Wednesday, December 28, 2011

Updates with Pages and Links

I have created a couple of extra pages.  You may have received a follower notice about them - or maybe you didn't.  Just in case, here's an extra post to let you know of the new additions.  See the right column for the new Gear List and Videos pages.  Below on the right you will see some links to other websites that you might find interesting.

Thanks for subscribing to my new blog.  Pass the word.  This is going to be fun for me and interesting for you -- I hope.

As always, post a comment or ask a question - let me know how I can make this better.

The Appalachian Trail

The Appalachian Trail is "The People's Trail".  It stretches from Georgia to Maine and runs mostly along the ridge line of the Appalachian Mountain Range.  The Appalachians are thought to be the oldest mountain range in the world, and before time and erosion took its toll, was higher than the Himalayas.  So it's an ancient line of mountains.

And, it's a challenge to a few thousand hikers that try to hike the entire trail in one season - a 'Thru-Hiker.'  Hundreds of thousands of other hikers visit the trail each year, for day hikes or extended trips - 'Section-Hikers'.  Some Section-Hikers end up completing all sections of the AT over the course of several seasons.  I have been a Section-Hiker.  In just a few trips, I have hiked over 100 miles of the AT.  I always figured I would have to wait until I was well into my 60's before I could think about a Thru-Hike.  But employment circumstance have given me the opportunity to tackle this dream early.

Over the course of the next 3 months, I will be preparing for an April 1st start date for my Thru-Hike attempt.  I say 'attempt' because only about 20% of those who start are able to finish in one season.  I will take you through my planning process and gear selection.  Once I am on the trail, I will continue to post entries so you can follow along.

The AT is cared for by the Appalachian Trail Conservancy and local Hiking Clubs who perform trail maintenance for the entire 2,185 miles.  They are a dedicated crowd.  Learn more here: Appalachian Trail Conservancy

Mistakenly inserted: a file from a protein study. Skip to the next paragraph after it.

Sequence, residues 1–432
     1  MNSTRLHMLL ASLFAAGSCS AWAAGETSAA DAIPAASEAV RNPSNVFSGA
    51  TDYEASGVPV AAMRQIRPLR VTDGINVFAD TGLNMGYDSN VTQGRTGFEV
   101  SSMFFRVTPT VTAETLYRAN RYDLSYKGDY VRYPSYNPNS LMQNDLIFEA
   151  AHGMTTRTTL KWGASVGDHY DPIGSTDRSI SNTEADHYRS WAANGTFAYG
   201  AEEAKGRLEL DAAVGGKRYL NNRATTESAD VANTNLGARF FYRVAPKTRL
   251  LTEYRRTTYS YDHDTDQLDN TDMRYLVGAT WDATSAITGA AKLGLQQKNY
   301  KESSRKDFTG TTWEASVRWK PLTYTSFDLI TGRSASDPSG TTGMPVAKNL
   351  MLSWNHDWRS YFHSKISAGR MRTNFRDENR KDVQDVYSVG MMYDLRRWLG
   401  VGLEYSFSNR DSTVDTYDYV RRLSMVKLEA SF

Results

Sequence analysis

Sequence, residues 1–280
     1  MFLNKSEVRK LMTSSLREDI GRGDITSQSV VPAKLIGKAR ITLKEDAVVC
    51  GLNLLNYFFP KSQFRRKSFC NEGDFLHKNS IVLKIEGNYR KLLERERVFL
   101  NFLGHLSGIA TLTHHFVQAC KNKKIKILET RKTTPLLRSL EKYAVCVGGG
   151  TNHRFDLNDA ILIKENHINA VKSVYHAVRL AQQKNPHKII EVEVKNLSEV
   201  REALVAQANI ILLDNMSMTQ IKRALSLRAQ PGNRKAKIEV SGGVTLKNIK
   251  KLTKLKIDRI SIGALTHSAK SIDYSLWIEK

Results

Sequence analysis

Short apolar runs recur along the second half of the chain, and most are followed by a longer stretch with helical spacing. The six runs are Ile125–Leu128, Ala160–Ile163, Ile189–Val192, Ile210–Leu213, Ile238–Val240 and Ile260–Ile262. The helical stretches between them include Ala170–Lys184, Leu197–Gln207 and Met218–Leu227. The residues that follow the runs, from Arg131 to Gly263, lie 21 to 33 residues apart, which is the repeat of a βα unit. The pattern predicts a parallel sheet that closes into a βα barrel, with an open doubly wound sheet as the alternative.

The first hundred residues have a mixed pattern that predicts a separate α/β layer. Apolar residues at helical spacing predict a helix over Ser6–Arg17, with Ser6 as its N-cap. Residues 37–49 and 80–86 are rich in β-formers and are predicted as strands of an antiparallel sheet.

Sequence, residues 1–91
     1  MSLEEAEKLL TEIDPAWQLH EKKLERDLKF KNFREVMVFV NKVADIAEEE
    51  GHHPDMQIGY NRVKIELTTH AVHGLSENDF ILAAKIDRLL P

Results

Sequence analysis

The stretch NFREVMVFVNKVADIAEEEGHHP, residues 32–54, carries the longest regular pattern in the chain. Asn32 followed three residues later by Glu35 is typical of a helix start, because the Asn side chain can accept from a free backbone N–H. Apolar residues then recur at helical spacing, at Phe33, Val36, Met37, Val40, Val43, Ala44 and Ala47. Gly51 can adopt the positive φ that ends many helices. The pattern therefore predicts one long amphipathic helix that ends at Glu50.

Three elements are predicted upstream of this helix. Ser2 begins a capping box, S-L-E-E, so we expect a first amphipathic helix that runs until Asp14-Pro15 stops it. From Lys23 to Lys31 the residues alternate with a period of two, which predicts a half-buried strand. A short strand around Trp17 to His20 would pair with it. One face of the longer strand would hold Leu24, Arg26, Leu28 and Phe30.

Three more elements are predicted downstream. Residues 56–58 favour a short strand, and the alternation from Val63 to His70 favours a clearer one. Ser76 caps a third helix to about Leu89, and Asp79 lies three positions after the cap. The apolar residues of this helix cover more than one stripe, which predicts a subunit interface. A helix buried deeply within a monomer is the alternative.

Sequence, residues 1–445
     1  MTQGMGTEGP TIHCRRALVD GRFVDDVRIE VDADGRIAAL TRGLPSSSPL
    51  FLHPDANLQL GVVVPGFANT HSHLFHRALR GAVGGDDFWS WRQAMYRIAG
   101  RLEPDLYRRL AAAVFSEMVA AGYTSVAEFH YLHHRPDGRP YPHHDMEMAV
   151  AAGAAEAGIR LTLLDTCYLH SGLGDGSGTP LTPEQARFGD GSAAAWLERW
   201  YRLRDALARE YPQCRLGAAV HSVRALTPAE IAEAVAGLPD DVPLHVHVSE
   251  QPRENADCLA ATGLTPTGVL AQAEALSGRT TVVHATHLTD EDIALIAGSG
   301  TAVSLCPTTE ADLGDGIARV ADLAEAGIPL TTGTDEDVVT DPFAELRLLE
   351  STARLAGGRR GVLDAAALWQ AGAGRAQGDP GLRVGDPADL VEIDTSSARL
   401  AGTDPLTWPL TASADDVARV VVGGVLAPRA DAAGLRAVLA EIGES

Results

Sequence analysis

Sarah said: "You need to hike the AT"

And I said: "The what?"

Let's go back.  It was August of 2005.  I had just started my new job as the Executive Director of the Red Cross chapter in High Point, NC.  Hurricane Katrina had struck the Gulf Coast the day before.  Everyone felt sorry for me, starting a new position in the midst of the largest disaster relief operation in Red Cross history.  But actually, it was a blessing.  There was no time to be the 'new guy.'  We were in hurricane mode and I felt completely at home.  This was a new position, but not a new job for me.  As a career Red-Crosser, having been a volunteer, and then an ExecDir at several chapters spanning 20+ years, I had been through many disasters and several hurricane operations.  I knew just what we needed to do.  I just hadn't planned on the pain.  Indigestion?  Shoulder out of whack?  Hard to breathe?  Deep hurt right in 'there'?  Am I having a heart attack?  Oh, not now, please!

The pain subsided after a few minutes, but it really shook me up.

Across the street from my office was a family medicine practice.  I made an appointment and a few days later was getting checked out by Dr. David.  Actually, I was expecting to get sent directly to the hospital to get my clogged arteries opened up.  I really was.  I figured after years of a desk job, smoking off and on for decades, and plenty of greasy junk food, I was a perfect candidate for heart disease.   Well, there were lots of tests, a complete physical, heart attack. My cholesterol levels were way out of the norm but he said we could take care of that.  'Now you need to quit smoking, eat better and start getting some exercise.'

Wow, what a relief.  I had had my health scare and it worked.  At age 53, I figured I had a window of opportunity to get myself back into a healthier lifestyle and better shape before time and age made it impossible.  With the help of my colleagues at the office and my doctor, I kicked the smoking habit, joined a gym, and learned to love salads and chicken.  Several of us at the office tried this at the same time.  For me, it stuck.   I started using a local nature path after work and talked about getting others to form a hiking group.  The group went nowhere, but one staff member - Sarah - stopped in my office and said those fateful words:  "If you like hiking, you should do the Appalachian Trail."

I had no clue what she was talking about.  I was born in Illinois and raised in Southern California.  I found myself in the Carolinas because my last duty station in the USAF was at Myrtle Beach, SC.  I didn't know what the AT was or even where it was.  Fortunately, Sarah was insistent that this was for me - and inspired me with stories of her time on the trail during her school days.  One of our most active volunteers, Mike, heard about my growing interest.  He had hiked sections of the trail in his youth as well as being a member of a trail maintenance team.  One day, a stack of books and maps showed up on my desk, courtesy of Mike.  I was hooked.

So, the first chapter of my AT saga began with chest pains and a couple of friends who pointed the way.  It's all Sarah's fault I would later kid her.  But Mike helped too.  And I can't forget the help of Dr. Dave.  Thanks, you guys.

Now I sit here, at the close of 2011, a victim of cutbacks and unemployed.  So, I will call it a retirement, load up my backpack, and make plans to hike the entire Appalachian Trail.  It's 2,185 miles, through 14 states, from the top of Springer Mountain, Georgia all the way to Mount Katahdin, Maine.  My target date is April 1st.

This will be the story of my attempt at a 'Thru-Hike' of the Appalachian Trail.